We like to hear from notable people in the eLearning space, especially their views about social media and eLearning. Here we share an interview with Christopher Pappas, who combines the two fields so well. Enjoy some thoughts from Αθήνα (that’s Athens to most of us!).
Ann at QL: You are really friendly, as people quickly discover. Do you remember on which channel we first met and how? Seems like we’ve known each other forever!
Christopher: Although I meet the most professionals via LinkedIn, I am 100% sure that we meet online via Facebook. The truth is that I do not normally use Facebook for professional networking. However, after our online Facebook conversation I realized that Facebook can be used for professional networking as well. I did a post concerning the use of Facebook as an eLearning medium, and then you introduced me to the QuickLessons Facebook App [Izzui]. It’s an application that makes easy to create effective and engaging eLearning courses, and deliver them via Facebook!
QL: You are active on a lot of SoMe networks. What’s your favorite site and why?
Christopher: It is true that I use several social media networks. Since, I am indeed a social person who loves to share knowledge, listen carefully, and learn (lifelong learner) my favorite social media network is LinkedIn. However, I am Twitter addict as well with 10K+ followers. I am very happy because a few days ago I was recognized on The Top 20 most influential tweeters in learning technology!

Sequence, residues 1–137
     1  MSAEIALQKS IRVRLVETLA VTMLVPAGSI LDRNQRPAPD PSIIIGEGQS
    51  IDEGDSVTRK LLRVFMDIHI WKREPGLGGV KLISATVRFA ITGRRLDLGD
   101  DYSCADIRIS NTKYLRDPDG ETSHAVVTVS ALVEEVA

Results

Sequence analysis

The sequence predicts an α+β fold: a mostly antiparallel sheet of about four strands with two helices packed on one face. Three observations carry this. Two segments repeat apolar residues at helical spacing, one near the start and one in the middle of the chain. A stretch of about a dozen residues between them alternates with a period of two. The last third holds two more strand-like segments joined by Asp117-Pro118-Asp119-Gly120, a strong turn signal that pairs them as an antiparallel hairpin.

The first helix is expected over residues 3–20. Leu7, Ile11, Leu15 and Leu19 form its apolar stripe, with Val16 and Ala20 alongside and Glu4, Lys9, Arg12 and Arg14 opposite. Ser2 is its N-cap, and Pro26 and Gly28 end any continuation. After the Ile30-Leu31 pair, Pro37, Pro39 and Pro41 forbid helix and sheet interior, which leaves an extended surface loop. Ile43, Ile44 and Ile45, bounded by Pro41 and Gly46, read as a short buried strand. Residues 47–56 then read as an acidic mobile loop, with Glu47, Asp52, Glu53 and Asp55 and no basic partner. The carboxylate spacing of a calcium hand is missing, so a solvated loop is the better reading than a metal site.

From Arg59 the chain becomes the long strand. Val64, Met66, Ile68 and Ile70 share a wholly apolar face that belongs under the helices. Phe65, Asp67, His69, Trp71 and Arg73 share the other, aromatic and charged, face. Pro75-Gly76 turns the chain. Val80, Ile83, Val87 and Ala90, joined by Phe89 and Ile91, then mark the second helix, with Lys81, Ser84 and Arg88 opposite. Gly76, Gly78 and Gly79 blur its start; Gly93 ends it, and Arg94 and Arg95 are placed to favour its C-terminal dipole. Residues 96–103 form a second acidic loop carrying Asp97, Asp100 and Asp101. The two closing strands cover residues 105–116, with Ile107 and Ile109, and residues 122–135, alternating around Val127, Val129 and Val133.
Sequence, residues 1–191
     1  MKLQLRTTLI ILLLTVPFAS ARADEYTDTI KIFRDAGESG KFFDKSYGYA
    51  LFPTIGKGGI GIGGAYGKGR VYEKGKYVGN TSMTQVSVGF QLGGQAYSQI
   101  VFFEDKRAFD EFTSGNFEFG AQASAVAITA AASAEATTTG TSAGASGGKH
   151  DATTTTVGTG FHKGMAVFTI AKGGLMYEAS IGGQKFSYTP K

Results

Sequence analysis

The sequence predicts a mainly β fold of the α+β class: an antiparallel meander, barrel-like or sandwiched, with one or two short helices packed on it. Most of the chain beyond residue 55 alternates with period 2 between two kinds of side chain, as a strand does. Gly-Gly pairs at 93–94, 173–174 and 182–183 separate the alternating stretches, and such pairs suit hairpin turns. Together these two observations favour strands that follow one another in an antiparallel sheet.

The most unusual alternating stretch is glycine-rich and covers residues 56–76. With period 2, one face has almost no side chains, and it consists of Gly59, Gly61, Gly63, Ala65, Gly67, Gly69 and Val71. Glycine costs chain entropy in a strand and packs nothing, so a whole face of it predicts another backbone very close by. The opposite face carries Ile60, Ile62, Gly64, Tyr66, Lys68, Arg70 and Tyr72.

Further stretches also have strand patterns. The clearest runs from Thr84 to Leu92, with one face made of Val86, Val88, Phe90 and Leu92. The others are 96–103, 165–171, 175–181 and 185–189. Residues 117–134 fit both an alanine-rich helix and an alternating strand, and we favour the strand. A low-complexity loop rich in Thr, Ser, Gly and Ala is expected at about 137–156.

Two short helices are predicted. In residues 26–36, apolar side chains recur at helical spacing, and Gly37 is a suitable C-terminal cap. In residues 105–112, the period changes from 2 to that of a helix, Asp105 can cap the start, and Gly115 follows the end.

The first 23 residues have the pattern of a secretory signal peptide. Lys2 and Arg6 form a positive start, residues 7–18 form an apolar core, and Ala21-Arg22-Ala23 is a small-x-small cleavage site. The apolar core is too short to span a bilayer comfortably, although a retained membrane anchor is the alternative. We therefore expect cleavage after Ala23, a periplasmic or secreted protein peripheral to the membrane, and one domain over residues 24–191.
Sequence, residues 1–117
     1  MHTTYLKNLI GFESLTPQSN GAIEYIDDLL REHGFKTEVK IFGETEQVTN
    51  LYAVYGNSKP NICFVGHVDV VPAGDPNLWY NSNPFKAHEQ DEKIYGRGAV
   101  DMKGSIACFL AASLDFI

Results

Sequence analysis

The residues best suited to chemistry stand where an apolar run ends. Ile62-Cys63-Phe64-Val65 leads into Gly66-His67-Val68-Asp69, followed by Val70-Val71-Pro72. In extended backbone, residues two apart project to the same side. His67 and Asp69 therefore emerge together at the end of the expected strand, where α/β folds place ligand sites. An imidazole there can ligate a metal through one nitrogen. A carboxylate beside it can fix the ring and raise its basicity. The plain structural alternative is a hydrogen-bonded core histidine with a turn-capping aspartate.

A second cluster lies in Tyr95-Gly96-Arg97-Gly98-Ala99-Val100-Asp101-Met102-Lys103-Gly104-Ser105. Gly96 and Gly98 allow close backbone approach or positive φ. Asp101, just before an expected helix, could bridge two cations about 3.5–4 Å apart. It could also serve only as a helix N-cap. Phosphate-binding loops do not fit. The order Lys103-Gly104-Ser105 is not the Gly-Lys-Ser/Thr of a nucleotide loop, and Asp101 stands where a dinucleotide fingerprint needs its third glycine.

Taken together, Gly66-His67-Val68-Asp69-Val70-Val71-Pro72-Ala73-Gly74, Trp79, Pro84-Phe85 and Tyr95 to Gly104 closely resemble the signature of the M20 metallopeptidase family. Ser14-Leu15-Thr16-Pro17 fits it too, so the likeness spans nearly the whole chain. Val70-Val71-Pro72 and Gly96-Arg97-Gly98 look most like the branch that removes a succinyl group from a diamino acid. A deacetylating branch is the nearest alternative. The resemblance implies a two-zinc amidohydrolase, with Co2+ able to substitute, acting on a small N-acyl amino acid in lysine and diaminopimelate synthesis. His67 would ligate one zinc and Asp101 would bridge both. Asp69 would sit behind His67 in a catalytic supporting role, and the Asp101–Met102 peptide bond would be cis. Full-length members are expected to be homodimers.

QL: What are challenges, perks, etc. of founding a LinkedIn Group? How does your group differ from other eLearning groups on LinkedIn? Do you have any special rules?
Christopher: In May 2008, I created the Instructional Design and eLearning Professionals’ Group at LinkedIn, which currently has 29K+ members all over the world. To build an online community of professionals involved in the eLearning industry isn’t easy. This is why we have developed specific group rules, such as:
- Be a real human being: Encourage members to sign up with their email address and real name. Limiting membership to real participants keeps the conversations constructive and means no one has to deal with anonymous trolls.
- Aim for respectful, constructive conversations: Without constructive feedback and debate, a community won’t be able to achieve its collective goal. Without respect and civility, constructive feedback and debate is impossible.
- Be relevant: Ensure members keep posts on-topic and in the correct category of the group. Keep any other comments relevant to the content they’re attached to.
Here’s a list of behaviors I recommend that community members avoid. Do not:
- Harass or insult other members: Making personal attacks, insulting other members, or discussing a specific member in a negative way is not ok. The two golden rules are: if you can’t say anything nice, don’t say anything at all; and treat others as you’d like them to treat you.
- Post private information: Do not publicly reveal information like your email address, phone numbers or addresses.
- Spam: Spam is posting the same message repeatedly across online community. Spam is sending the same message to multiple members or promoting or advertising external services, websites or other products.
Our group differs from other eLearning groups not only because of the group rules but also in the process that we follow to approve new members. For example, to approve a membership at the Instructional Designers and e-Learning Professionals’ Group we review the professional profile on LinkedIn. If the member isn’t involved in the eLearning industry, they will not be accepted.
Some of the rewards of being a member of our group are the opportunities to develop a global understanding of the eLearning industry, find new friends, new colleagues, and new partners. My personal rewards are the continuing everyday communication and collaboration with professionals across the globe.